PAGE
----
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Shortly after the launch of a satellite from a space shuttle the satellite collides with an UFO in front of the crew's eyes. Because of an election campaign some politicians try to hide the crashed UFO -- inside hangar 18. Written by
Kay Drangmeister <K.Drangmeister@insider.sub.de>
The interior of the spaceship is obviously bigger than its exterior would account for. See more »
Again. Punch it in again. And make sure.
I tried three times, Harry. I keep on getting the same answer. These are all designated landing areas.
Oh my God, they're coming back!
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It is common to bash this 1980 sci-fi/conspiracy movie for its admittedly not-top-notch special effects and pretty much everything else; the limited budget has a lot to do with it. But with the exception of the 1978 film CAPRICORN ONE, nobody else was trying to mix the two elements (sci-fi and conspiracy) together for the big screen. In essence, HANGAR 18 can indeed be said to presage "The X Files" by a decade and a half.
The film begins with two astronauts (Collins, Hampton) encountering a UFO in orbit while launching a military satellite. The satellite collides with the UFO, causing an explosion and killing a third astronaut in the cargo bay who had been watching the satellite's progress. But the UFO makes a surprisingly controlled landing in the Arizona desert, thus necessitating its quick removal and forcing the president's chief of staff (Vaughn, an absolutely steely performance) to concoct a cover story to avoid serious damage to his boss's chances for re-election.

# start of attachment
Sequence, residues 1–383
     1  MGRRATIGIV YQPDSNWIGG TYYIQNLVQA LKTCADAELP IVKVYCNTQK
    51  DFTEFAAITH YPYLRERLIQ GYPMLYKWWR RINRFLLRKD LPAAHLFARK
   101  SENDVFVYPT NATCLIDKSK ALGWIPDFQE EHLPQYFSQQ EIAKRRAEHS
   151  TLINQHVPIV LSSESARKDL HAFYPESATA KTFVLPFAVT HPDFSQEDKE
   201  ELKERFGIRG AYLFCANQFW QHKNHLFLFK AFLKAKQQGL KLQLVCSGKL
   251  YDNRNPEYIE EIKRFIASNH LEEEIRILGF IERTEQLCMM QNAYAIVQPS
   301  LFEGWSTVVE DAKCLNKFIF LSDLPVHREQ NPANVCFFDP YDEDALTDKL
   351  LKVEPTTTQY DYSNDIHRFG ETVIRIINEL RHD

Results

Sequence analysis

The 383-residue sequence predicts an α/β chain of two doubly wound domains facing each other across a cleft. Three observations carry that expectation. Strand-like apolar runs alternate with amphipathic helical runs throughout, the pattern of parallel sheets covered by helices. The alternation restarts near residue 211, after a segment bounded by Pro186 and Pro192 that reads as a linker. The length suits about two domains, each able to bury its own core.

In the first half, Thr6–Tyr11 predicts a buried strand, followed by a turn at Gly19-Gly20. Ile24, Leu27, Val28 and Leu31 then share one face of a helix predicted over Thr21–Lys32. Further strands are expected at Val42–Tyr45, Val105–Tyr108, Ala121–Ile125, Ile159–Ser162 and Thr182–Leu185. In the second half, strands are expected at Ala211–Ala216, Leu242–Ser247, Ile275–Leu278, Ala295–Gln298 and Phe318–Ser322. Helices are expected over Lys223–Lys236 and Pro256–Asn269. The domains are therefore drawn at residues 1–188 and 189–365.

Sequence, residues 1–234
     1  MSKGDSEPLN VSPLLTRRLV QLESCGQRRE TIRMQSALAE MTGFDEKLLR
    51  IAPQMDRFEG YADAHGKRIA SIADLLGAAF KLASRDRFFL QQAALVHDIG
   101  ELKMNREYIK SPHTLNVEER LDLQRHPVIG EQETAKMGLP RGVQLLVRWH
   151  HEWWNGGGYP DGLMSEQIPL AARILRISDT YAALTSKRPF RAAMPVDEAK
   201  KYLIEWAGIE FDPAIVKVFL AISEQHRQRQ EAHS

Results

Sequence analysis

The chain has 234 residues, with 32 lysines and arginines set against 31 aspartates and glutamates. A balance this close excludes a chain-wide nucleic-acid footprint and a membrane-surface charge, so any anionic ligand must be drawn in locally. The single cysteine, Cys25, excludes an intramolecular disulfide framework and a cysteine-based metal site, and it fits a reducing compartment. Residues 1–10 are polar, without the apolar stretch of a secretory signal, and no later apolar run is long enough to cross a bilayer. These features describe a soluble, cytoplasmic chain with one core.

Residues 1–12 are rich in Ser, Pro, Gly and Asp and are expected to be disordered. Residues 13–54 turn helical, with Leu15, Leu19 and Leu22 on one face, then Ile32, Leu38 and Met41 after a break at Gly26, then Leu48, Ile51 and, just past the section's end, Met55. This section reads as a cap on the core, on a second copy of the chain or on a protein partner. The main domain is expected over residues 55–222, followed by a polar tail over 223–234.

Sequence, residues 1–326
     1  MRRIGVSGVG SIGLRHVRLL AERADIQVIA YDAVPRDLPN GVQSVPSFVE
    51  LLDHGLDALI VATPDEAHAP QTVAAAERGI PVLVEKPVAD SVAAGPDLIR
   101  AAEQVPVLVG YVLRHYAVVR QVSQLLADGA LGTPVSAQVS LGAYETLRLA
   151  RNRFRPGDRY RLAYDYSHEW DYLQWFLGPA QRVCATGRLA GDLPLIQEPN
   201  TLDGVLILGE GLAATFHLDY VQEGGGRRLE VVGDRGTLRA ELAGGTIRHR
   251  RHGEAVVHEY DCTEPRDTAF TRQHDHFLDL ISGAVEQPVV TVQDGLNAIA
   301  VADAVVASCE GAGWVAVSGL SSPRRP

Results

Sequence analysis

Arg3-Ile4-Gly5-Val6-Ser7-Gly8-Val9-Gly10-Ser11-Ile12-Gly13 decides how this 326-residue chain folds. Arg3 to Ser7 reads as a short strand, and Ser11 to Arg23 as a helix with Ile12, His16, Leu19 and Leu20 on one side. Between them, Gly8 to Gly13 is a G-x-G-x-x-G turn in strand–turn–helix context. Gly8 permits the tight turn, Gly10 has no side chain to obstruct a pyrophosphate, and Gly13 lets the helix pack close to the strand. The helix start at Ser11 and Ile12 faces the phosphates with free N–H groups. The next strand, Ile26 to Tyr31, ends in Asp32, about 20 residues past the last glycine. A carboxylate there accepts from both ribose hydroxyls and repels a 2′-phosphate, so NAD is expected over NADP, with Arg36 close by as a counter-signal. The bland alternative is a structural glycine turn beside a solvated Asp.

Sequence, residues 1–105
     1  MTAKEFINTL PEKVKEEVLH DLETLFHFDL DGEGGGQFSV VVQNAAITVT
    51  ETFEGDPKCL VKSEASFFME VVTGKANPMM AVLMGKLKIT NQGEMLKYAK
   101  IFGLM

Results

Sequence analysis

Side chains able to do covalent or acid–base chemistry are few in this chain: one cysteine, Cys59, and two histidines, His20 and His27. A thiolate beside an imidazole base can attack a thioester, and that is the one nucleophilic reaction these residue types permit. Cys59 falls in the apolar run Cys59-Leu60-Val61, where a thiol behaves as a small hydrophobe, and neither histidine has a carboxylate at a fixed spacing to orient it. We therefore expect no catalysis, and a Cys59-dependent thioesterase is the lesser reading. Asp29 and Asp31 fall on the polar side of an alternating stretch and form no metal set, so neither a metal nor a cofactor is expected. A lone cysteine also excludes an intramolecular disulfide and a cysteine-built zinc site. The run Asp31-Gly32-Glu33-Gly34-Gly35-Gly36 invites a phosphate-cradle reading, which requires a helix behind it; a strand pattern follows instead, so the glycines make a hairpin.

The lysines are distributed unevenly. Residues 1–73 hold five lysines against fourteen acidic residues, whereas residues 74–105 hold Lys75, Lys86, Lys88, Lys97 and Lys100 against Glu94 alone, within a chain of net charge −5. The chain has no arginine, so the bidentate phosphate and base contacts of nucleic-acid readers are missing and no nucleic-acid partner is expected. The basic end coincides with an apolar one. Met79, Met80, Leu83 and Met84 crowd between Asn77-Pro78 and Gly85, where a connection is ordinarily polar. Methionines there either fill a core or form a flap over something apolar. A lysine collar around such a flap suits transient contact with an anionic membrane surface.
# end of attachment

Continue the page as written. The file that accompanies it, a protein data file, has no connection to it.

Naturally, both Collins and Hampton are fingered by Vaughn and his staff for blame in the incident. This forces them to gather hard evidence to clear themselves, but it also means that they'll be pursued by government agents the entire way. Meanwhile, at Hangar 18, located at an air force base in Texas, a team of scientists, led by McGavin, are learning everything they possibly can about the UFO and its alien occupants. What they find about those aliens is how uncannily similar they are to humans.
Despite the film's technical imperfections, HANGAR 18 is still a pretty good and speculative science fiction film from Sunn Pictures, the same Utah-based film company that was known for making speculative documentaries during the 70s and early 80s. McGavin is at his usual best, as he was in the 1972 TV film THE NIGHT STALKER. In terms of plot, HANGAR 18 seems to use Watergate as a starting point and then mixes in elements of Kubrick's 2001: A SPACE ODYSSEY and Spielberg's CLOSE ENCOUNTERS OF THE THIRD KIND. And although it is hardly on a level with those two great movies, it nevertheless works because of the approach it takes to the debate not only over UFOs in our present day but also the possibility that visitors from another world have visited Earth before.
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